Update After completing my article, I discovered at Revolver a presentation of Lippincott’s message as he should have formulated it. Key sentence: “We need to fight culture war issues at a moral and spiritual level, and at a local political level, until we gain the strength necessary to take these issues national.” I don’t agree with their apparent position that culture war is currently completely futile at the national level (it’s mostly futile, but not completely), but Revolver supplies the nuance missing from Lippincott’s work.
Good analysis. One can read Lippincott as advocating a political bait and switch in which conservatives wear the sheep’s clothing of moderates until they seize power and reveal themselves as wolves. I think Christians and conservatives need to be more canny, but real skulduggery leaves a mark on one’s soul. I think conservative politicians should actually emphasize culture war issues right now because lots of people are still shocked by the latest phase of the sexual revolution. This will be the new normal in five or ten years, but lots of apolitical people will right now go to the polls over men in the girls’ locker room.
I don’t think Woke liberalism is qualitatively different than the old mind-your-own-business liberalism. Minority groups value tolerance when they are weak, but gain a strange new respect for obedience if they come to power. Woke liberalism is just triumphalist liberalism that is no longer scared of shocking the rubes.
I wish Lippincott had added the imperative of a root-and-branch purge of Republican Party leadership. It has become the party of lower middle class whites and needs leaders who are not appalled by that fact. I’m not wild about some of the vulgarians who personify the new Republican Party, but it would be insane to appeal to the sliver of the electorate that shares my tastes and politics. The beauty of the vulgarians is that they do not get tangled up in efforts to be tasteful.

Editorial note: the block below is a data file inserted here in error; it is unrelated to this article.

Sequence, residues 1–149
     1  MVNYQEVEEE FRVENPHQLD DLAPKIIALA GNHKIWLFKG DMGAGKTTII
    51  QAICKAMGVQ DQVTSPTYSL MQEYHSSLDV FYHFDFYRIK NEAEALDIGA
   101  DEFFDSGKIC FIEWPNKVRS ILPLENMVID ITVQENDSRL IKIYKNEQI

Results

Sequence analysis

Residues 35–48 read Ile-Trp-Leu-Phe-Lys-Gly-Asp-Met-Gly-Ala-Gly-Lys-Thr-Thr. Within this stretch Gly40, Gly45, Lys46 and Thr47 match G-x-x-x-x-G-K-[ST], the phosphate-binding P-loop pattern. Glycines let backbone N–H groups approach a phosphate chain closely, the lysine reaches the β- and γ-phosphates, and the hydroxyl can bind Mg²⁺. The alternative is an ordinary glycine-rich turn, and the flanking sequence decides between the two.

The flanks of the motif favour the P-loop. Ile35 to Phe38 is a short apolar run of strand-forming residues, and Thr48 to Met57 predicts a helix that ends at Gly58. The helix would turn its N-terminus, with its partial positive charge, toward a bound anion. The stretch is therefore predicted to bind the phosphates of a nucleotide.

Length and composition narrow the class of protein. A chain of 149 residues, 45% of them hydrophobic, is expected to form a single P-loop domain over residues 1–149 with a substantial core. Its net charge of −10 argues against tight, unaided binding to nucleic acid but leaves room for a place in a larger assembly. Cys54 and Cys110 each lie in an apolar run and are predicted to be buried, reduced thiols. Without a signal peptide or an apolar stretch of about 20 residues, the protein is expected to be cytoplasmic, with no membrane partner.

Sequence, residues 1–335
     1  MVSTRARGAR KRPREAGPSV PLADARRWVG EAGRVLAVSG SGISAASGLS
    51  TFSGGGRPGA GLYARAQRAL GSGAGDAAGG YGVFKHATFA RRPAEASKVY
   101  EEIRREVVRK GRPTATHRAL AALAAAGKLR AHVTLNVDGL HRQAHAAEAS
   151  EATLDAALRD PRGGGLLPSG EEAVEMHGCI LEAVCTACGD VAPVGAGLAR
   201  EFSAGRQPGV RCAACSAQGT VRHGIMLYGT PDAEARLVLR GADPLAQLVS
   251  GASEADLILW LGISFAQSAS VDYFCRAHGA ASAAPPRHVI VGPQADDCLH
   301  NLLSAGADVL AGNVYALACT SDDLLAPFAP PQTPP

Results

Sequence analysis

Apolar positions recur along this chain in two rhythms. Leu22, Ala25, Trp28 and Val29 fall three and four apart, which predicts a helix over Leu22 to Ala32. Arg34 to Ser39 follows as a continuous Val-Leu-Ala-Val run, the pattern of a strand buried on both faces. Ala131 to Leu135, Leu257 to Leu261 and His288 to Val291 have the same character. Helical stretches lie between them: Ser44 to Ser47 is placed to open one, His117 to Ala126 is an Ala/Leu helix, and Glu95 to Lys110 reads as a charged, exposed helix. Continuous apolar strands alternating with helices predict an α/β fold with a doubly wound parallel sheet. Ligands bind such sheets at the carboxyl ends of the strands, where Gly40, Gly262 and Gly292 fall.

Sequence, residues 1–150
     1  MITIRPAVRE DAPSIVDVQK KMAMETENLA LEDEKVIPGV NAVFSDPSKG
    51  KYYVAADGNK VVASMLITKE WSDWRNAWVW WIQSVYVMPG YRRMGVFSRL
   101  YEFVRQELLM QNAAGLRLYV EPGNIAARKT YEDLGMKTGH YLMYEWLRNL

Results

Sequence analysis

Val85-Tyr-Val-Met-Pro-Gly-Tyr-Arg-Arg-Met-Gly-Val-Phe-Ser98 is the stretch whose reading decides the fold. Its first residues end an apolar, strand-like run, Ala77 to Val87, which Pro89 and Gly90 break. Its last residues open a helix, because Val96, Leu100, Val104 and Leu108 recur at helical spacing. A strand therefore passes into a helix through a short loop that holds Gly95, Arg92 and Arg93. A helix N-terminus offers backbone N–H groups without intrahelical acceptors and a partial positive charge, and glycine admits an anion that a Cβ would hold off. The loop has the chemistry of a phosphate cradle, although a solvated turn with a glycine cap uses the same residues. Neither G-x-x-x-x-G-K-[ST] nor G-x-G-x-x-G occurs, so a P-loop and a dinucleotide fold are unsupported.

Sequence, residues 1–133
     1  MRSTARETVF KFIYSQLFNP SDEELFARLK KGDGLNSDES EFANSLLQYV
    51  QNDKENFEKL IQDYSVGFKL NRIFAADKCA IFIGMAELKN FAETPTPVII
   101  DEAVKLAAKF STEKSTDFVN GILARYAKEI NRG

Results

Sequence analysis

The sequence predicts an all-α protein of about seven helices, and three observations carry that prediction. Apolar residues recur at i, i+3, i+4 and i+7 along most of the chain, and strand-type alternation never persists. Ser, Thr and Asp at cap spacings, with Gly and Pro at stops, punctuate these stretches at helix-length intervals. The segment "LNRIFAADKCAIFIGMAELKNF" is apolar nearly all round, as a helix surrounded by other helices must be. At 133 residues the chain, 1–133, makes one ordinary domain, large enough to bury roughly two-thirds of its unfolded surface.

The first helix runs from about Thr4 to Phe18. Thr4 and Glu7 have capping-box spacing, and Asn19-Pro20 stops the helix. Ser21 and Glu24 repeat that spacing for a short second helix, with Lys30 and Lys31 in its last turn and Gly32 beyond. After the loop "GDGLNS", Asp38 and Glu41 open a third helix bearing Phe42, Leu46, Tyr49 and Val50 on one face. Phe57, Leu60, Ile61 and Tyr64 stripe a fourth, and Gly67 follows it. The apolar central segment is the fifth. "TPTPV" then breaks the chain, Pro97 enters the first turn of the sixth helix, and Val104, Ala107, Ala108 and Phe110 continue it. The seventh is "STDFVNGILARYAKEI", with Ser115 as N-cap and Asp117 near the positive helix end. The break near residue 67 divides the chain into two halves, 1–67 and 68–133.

On the distinction between the woke and the mind-your-own-business liberalisms: The latter appeals to millions of people who are basically loyal to the existing order and who think liberalism is just fixing a few minor flaws. Some of them allow common sense and common decency eventually to awaken them to the threat of liberalism, and others follow wokeism into the abyss. At one time the liberalism that was apparently loyal was fairly common. Not any more.
It can’t be said often enough: the only non-corrupting way to abandon the culture war is to wash one’s hands of the wider society altogether. To refrain from talking about abortion and sodomy while continuing to advocate in the public sphere on other issues–as if one shared a common sense of the good with one’s interlocutors–is implicitly to endorse the consensus. If the culture war is indeed lost–and I’d say it’s only definitively lost when we stop talking about it and Leftism establishes itself not only as law and policy but as uncontroversial common sense–then we have nothing to say to this irredeemably wicked world and should have as little as possible to do with it.
Also, whether it is “futile” to fight the culture war depends on what end one is trying to accomplish by the fight. If one’s goal is to restrict abortion and withdraw recognition from sex-changes and sodomitical unions, then, yes, it’s futile. However, if the goal is to maintain, say, 30% of the population that opposes these things, it is not obvious that that is an impossible goal. If we stop talking about these things, though, then we certainly won’t maintain this 30%, because the enemy certainly won’t stop talking and pressuring. Maintaining 30% of the population in this basic defiance against the sexual revolution is surely more precious than having any number of Republicans in office. What do we care if they control the entire satanic apparatus if the price is our staying silent while our children apostasize?